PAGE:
However, it’s now the time for the deeper dive! This time with a little more purpose. We are going to perform an in-depth Sonnet 130 analysis. We will perform this analysis by examining each of the quatrains of the poem before finally ending off with the final couplet of this poem.

So, let’s get going with our My mistress’ eyes are nothing like the sun analysis.


Quatrain One

My mistress’ eyes are nothing like the sun;

Coral is far more red than her lips’ red;

If snow be white, why then her breasts are dun;

If hairs be wires, black wires grow on her head.

The very first line of the poem is where we are introduced to this idea of the mistress. She is stated to be his mistress, but this does not mean she is a wife or anything of the sort but rather someone whom the speaker sees as connected to him. And that first line also opens with the motif that will be a recurring feature of this poem: the use of unflattering comparisons to natural images.

Comprehensive Sonnet 130 Analysis Venus of Urbino (c. 1534) by Titian; Titian, Public domain, via Wikimedia Commons

The first image is that of the sun, and we are told that her eyes are not like the sun. This indicates that they do not glow. They are not vibrant and powerful. They are not special in that sense. There is little in this mistress that differentiates her, or at least by this point in the poem. The next line continues this idea.

The next comparison is between her lips and coral. It states that coral is far redder than her lips will ever be. This is the use of the natural image of something that we generally accept to be beautiful, coral, and it is applied to her body. This is a common feature in many poems about beauty, except that many poems about beauty will use these comparisons in a favorable sense. For instance, imagine if the poem had stated that her lips were like coral. That would be more what we would expect from a poem about beauty.

But the subversion found in this poem started with the very first line of Sonnet 130 by William Shakespeare.

The next line is yet another of these comparisons. This time around, it uses the image of pure white snow. Something that is usually seen as absolutely stunning. But it is used to say that while snow is gorgeous and white, her breasts are dull. The word “dun” is a rather old one, but it does not have any sense of positivity to it. These first few lines have appeared immensely insulting toward this woman.

And the next line is just as seemingly mean-spirited. This time, it refers to her hair, but not as something gorgeous that flows in the wind and is caught upon the breeze as if spied in a dream. No, these hairs are like black wires. They are not attractive, and they are not beautiful things that can be adored. The first quatrain comes to a close, and we have so far been presented with a very plain image.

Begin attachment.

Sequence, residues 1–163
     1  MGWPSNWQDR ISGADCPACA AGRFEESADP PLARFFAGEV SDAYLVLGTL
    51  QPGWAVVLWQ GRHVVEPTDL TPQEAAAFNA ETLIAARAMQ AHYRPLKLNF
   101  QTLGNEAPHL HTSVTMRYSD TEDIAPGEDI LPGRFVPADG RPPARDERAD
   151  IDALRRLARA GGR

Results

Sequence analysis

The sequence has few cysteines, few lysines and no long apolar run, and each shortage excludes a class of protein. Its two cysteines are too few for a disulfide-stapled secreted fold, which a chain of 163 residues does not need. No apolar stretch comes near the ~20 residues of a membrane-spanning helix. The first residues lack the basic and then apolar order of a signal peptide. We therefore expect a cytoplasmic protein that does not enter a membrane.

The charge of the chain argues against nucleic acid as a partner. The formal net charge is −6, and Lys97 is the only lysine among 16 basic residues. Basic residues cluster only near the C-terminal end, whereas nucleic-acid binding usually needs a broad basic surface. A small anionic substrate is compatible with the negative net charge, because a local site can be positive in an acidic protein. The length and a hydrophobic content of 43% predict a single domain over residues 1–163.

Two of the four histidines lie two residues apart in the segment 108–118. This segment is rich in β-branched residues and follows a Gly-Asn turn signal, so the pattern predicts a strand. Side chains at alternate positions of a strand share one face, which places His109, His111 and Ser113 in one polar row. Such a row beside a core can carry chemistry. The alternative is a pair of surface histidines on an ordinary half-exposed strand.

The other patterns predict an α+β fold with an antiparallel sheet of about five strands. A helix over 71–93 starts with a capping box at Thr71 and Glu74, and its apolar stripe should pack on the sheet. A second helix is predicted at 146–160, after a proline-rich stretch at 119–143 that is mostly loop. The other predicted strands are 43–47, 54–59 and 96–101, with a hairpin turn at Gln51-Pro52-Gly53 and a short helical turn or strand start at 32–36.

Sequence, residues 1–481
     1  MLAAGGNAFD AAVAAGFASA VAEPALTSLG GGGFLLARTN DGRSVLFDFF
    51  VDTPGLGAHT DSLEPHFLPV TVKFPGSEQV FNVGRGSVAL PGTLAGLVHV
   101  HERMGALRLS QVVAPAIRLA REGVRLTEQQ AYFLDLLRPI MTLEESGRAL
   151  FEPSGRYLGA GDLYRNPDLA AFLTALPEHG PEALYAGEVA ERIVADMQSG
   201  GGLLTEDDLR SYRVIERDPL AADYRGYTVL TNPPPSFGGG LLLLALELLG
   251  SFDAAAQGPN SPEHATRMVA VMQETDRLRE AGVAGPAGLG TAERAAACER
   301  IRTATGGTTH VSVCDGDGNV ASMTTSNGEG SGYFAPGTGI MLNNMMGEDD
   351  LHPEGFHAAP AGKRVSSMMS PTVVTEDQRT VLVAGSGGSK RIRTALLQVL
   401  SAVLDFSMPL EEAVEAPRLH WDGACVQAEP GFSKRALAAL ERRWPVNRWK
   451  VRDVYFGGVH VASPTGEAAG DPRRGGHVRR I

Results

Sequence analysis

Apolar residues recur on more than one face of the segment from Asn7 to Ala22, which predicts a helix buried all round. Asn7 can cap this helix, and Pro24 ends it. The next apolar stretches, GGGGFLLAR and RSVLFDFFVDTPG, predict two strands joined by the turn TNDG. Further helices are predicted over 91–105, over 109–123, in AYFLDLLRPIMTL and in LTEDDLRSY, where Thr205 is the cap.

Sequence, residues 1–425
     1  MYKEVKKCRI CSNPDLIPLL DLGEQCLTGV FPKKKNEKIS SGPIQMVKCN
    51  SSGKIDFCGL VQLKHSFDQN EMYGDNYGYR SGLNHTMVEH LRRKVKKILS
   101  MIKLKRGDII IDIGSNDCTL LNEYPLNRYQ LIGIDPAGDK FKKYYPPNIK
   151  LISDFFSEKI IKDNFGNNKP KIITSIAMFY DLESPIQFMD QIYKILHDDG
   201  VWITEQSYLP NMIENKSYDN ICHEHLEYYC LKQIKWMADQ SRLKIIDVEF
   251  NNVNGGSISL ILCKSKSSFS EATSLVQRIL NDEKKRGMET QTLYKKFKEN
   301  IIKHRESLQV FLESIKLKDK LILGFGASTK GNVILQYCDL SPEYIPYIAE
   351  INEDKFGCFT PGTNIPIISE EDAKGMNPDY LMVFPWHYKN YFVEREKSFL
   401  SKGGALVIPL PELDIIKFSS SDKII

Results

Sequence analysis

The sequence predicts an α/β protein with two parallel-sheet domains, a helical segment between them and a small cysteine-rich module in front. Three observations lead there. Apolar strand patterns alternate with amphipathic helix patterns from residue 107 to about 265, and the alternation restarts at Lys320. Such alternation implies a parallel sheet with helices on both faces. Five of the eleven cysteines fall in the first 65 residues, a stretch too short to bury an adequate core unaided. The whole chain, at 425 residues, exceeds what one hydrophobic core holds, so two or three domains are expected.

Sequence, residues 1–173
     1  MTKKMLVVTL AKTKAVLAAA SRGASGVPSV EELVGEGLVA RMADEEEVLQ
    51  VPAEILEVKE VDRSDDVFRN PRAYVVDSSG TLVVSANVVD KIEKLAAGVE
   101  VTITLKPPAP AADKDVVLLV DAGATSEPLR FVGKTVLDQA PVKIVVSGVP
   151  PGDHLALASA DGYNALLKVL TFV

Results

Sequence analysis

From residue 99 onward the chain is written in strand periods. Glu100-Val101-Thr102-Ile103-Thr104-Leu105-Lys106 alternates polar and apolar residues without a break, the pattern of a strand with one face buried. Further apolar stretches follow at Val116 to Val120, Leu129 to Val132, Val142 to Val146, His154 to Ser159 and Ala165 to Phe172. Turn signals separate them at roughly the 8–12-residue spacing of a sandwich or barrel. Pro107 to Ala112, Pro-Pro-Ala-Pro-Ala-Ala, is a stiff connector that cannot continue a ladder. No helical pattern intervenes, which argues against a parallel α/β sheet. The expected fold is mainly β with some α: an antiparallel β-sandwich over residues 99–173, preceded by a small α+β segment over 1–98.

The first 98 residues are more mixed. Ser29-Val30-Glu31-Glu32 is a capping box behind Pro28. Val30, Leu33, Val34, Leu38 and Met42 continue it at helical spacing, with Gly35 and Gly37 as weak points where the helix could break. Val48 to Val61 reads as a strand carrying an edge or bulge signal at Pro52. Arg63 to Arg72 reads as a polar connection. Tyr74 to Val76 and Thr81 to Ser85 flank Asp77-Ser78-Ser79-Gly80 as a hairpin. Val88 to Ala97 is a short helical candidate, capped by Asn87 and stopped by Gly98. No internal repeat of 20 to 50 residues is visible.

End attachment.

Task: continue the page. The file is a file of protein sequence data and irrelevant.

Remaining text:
Quatrain Two

I have seen roses damasked, red and white,

But no such roses see I in her cheeks;

And in some perfumes is there more delight

Than in the breath that from my mistress reeks.

The image of plainness persists in the second of the three quatrains of the poem. Now, we are given the image, in the first two lines, of roses. The speaker says that he has seen stunning red and white roses, and they are gorgeous things. However, her cheeks are not like them. She does not have rosy cheeks. Instead, we can probably assume that her cheeks are dun, like her breasts were described in the previous quatrain.

In-Depth Sonnet 130 Analysis William Shakespeare Rose (2000); 掬茶, CC BY-SA 4.0, via Wikimedia Commons

The first image is spread over two lines, and the same is true of the next image. While the first quatrain used one image per line, this quatrain has used a more enjambement style to present longer, and often meaner, statements on this mistress that the speaker is discussing. The second image uses the idea of perfume.

Many love poems mention the smell of a person. They smell lovely, like flowers! This image appears to evoke a similar idea. The first two lines in the quatrain specifically mentioned roses. However, we are, once again, given a mean image, and because of the contemporary connotations of this word, this is probably the line that sticks out the most to contemporary audiences, because the speaker states that her breath “reeks”. The use of the word “reeks” does not necessarily mean that her breath is foul-smelling, but there is a direct comparison between the smell of perfume and her breath. So, her breath, in comparison to perfume, reeks.

This is a very unpleasant image, but because of what has come before, it is unlikely that this means she smells. It is just another way of stating that she is rather average.


Quatrain Three

I love to hear her speak, yet well I know

That music hath a far more pleasing sound;

I grant I never saw a goddess go;

My mistress, when she walks, treads on the ground.

The last of the quatrains opens with a change. We are now given the idea that he loves her. He has spent the entire poem being rather rude to and about her, but we are suddenly given this image of love. He uses this love to state that even though her voice is not like music, which is yet another negative image, it is one that he loves to hear. He knows that her voice is not magical and beautiful, yet he adores it.

What Is Sonnet 130 About Noon Day Rest (1910) by John William Godward; John William Godward, Public domain, via Wikimedia Commons

The last two lines, which form one image, continue this switch toward positivity. However, it does so by calling attention to the more traditional kind of love poetry. He explicitly states that this mistress he so loves is not an angel. She does not glide through the air as if held aloft by divine powers because of her immense and unfathomable beauty! Instead, she is a person. She walks on the ground. She is not special. Or at least, she is not special in a more objective sense that many poems about beauty would have us believe about certain people. We have now seen the shift in tone, but the final couplet is what brings it all together. This is common in many Shakespearean sonnets, and it applies here too.